# How far can you see?

How far can you see when you are, say, 2 meters high? Lets find out assuming that we stand on a perfect circle with perfect visibility (and that we do not have refraction).

# The Math

In Figure 1 I have sketched the situation. The distance (c) is the radius of the sphere (could be the radius of the earth). The distance (a) is the hight of the observer above the circle. The key point is that the triangle (A,B,C) must be a right triangle where the angle at B where the line of sight meets the horizont must the right angle. The distance of the line of sight we call (b).

Depending on the initial attack angle you end up with an extremely simple solution or a more complicated solution. I, of course, started out doing the complicated solution (option 1 in the following). The simple solution is described under option 2.

## Option 1

We assume that we know the radius of the circle (that is, (c)) and the hight of the observer (that is, (a)). By using Pythagoras we get

$$ (c+a)^2 = b^2 + c^2 \Leftrightarrow b^2 = a^2 + 2ac $$.

We can safely assume a positive (b),

$$ b = \sqrt{ a^2 + 2ac } $$

which gives the distance measured by line of sight. However, if we walked the distance we would follow the circle which is larger than (b).

The formula for sine in a right triangle states

$$ \sin ( \theta ) = \left( \frac{b}{c+a} \right) $$

which gives us

$$ \theta = \arcsin \left( \frac{b}{c+a} \right) $$

Now we only need to scale with the radius (c) to get the distance following the circle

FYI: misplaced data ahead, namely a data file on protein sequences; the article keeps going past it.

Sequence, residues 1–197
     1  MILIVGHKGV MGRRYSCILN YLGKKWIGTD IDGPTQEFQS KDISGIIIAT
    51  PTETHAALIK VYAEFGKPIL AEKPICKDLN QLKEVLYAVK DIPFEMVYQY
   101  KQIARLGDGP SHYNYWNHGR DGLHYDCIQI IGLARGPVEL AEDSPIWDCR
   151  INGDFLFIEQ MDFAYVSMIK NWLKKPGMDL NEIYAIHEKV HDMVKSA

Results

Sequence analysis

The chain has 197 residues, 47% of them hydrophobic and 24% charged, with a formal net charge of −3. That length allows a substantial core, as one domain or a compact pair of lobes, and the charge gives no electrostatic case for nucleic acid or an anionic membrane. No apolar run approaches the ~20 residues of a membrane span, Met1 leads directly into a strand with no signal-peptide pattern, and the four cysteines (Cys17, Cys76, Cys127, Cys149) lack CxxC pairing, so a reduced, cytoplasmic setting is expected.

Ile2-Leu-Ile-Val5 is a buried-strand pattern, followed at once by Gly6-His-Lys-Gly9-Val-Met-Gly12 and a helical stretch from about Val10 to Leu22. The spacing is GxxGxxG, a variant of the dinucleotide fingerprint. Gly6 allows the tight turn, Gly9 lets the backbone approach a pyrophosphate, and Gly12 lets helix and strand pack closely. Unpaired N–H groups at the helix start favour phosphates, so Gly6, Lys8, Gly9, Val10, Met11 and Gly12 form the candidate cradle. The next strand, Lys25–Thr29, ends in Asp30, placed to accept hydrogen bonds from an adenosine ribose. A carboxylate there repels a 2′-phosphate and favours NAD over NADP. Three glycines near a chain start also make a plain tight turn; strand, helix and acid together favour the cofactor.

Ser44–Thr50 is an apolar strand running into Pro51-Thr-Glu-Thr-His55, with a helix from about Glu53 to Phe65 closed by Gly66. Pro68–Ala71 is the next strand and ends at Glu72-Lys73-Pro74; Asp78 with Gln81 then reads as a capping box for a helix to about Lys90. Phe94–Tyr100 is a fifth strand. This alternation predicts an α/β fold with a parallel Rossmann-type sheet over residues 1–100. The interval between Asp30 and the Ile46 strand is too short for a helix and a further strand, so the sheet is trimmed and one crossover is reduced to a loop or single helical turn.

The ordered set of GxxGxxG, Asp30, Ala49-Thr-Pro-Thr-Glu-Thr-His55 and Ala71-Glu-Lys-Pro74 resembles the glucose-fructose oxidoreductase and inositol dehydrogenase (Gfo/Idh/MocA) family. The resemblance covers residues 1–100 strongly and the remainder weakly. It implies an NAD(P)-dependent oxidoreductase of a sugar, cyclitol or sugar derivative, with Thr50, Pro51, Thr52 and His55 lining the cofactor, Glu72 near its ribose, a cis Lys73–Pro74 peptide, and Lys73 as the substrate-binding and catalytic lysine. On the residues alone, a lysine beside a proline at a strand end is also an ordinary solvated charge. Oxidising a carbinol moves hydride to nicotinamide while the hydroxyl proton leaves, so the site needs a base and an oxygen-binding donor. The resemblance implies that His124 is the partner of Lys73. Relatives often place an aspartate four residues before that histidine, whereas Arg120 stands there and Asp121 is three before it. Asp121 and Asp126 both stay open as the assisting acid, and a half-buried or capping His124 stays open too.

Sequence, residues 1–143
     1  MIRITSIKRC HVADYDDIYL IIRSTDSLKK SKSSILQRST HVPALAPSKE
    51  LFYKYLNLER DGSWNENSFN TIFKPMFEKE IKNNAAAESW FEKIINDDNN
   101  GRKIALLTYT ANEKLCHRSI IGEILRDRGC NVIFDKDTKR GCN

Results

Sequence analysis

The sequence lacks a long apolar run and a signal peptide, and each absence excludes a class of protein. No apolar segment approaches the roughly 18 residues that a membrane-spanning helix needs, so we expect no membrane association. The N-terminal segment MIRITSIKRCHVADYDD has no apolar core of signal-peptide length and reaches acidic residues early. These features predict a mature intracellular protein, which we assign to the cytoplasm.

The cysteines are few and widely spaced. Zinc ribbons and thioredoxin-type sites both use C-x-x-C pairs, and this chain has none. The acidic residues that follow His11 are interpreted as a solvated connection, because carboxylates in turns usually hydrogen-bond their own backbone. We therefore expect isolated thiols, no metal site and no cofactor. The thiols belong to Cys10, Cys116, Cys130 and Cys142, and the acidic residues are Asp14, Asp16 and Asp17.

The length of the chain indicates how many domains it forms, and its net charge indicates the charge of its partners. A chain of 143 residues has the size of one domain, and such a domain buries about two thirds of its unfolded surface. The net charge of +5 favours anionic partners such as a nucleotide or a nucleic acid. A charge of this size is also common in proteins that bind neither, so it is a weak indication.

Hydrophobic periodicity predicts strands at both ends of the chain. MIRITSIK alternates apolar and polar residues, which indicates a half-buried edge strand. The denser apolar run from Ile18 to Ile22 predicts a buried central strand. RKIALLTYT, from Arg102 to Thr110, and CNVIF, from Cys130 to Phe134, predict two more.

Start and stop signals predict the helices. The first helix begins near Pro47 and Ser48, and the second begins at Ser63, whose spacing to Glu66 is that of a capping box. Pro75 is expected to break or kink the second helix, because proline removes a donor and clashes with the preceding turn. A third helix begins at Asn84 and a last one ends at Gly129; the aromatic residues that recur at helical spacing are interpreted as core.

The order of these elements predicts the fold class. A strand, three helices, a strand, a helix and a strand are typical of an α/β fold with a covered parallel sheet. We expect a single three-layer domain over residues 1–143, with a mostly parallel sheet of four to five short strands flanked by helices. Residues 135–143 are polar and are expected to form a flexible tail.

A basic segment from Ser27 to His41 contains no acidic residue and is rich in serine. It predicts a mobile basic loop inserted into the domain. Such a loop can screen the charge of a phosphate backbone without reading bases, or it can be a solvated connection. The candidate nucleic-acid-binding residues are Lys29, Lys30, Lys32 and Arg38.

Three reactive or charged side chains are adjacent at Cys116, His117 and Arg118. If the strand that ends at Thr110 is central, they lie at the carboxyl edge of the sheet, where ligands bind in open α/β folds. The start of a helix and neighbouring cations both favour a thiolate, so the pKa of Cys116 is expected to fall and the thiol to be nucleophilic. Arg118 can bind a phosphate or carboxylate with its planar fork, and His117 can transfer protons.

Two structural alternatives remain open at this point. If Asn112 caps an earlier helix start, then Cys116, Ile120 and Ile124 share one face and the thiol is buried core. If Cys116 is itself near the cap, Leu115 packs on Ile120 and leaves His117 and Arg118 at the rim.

$$ d = c \arcsin \left( \frac{\sqrt{a^2 + 2ac}}{c+a} \right) $$

## Option 2

When I came to computing the ( \theta ) angle I wondered - why not go directly to this angle via the cosine function?

Hereby we get

$$ \cos ( \theta ) = \frac{c}{c+a} .$$

So much simpler…..

# Applications

## How far can I see?

Lets assume the earth to be a perfect sphere with a radius of (6357.5\cdot10^3) meters (source) and that I’m $1.8$ meters high. Simply putting the data into the formalat yields

$$ 6357.5 \cdot 10^3 \arccos \left( \frac{6357.5 \cdot 10^3}{6357.5 \cdot 10^3 + 1.8} \right) \approx 4784, $$

that is, almost 5 km.

## How high to see from LA to Tokoy?

According to Wolfram Alpha the distance is 8818 km or about 1/5 of the earth circumference. Had it been more than 1/4 it would not have been possible to look that far.

In this case (\theta = 8818/40075 \approx 0.22) and (c) is known and we need to solve for (a).

$$\cos ( 0.22 ) = \frac{ 6357.5 \cdot 10^3 }{6357.5 \cdot 10^3 + a} \Leftrightarrow a \approx 157.0 \cdot 10^3 $$.

The Internation Space Station is in orbit about 386 kilometers above the earth. That is, if they pass over LA or Tokyo they are more than capable of seeing the other city!